Greer agrees. “Backwardation and contango – they come, they go, and the factors are different in different markets,” he says. “In 2008 we were seeing the opposite view in the press – ‘Contango is here to stay’. People were saying that commodity indexers had pushed everything into permanent contango – and I think what we have seen since then has proved the fallacy of that statement. Six weeks ago we had backwardation, but now the curve has returned to a slight contango again.”

Nonetheless, Balan at Diapason floats the idea that, ultimately, commodity futures curves are moved by common forces, and it is therefore possible to identify cycles of contango and backwardation and explain them in macro terms. He reasons that businesses buy and investors allocate to commodities based on their expectations for economic growth and inflation, pointing to work he has done uncovering correlations between the extent of backwardation in futures markets and the long end of Treasury yield curves.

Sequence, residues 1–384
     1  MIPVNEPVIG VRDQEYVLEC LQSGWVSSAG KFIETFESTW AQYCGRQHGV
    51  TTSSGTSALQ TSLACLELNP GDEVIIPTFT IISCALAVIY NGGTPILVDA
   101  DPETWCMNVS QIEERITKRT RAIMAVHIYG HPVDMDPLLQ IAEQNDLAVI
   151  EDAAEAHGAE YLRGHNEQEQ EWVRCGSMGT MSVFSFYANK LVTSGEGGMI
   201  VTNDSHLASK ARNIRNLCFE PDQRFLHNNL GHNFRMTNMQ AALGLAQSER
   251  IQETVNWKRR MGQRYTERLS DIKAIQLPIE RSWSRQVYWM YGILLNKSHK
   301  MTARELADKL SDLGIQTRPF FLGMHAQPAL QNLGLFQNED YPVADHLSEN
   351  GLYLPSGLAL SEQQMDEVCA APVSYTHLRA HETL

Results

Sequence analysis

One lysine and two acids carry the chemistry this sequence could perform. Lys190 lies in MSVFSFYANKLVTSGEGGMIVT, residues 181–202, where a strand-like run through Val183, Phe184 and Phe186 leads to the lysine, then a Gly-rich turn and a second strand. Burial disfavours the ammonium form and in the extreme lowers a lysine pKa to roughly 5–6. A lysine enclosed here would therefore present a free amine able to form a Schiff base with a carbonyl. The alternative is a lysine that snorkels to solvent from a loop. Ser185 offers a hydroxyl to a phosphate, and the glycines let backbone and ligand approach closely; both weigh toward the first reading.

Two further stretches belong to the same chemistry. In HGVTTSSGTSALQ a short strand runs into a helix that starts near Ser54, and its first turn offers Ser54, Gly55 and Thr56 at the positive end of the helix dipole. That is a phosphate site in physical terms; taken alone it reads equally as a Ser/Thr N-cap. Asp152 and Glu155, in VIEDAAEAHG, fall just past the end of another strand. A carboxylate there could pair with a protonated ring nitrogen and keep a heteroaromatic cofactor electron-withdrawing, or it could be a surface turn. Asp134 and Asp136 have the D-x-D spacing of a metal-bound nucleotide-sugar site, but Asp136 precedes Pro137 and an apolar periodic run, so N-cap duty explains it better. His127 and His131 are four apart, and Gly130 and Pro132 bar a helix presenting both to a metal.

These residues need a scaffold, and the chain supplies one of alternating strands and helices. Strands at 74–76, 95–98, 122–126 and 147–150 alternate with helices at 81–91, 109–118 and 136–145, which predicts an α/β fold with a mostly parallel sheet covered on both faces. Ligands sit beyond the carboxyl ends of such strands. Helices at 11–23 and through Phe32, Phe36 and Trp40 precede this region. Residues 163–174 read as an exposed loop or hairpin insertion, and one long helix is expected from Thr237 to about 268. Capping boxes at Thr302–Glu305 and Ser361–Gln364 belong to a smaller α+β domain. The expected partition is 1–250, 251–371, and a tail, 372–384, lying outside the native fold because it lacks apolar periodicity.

The hypothesis is that, since backwardation reflects the rate of depletion of inventory, its extent should forecast industrial trends. Diapason claims that trends in backwardation lead the global PMI by two months. By the same token, actual and expected inflation should influence the formation of commodity futures curves. Diapason finds that backwardation becomes prevalent when short real rates decline persistently, and at longer horizons the spread between the 10 and 30-year US Treasury yields can forecast the extent of backwardation – the proportion of the complex that is backwardated (figure 4) and the steepness of that backwardation.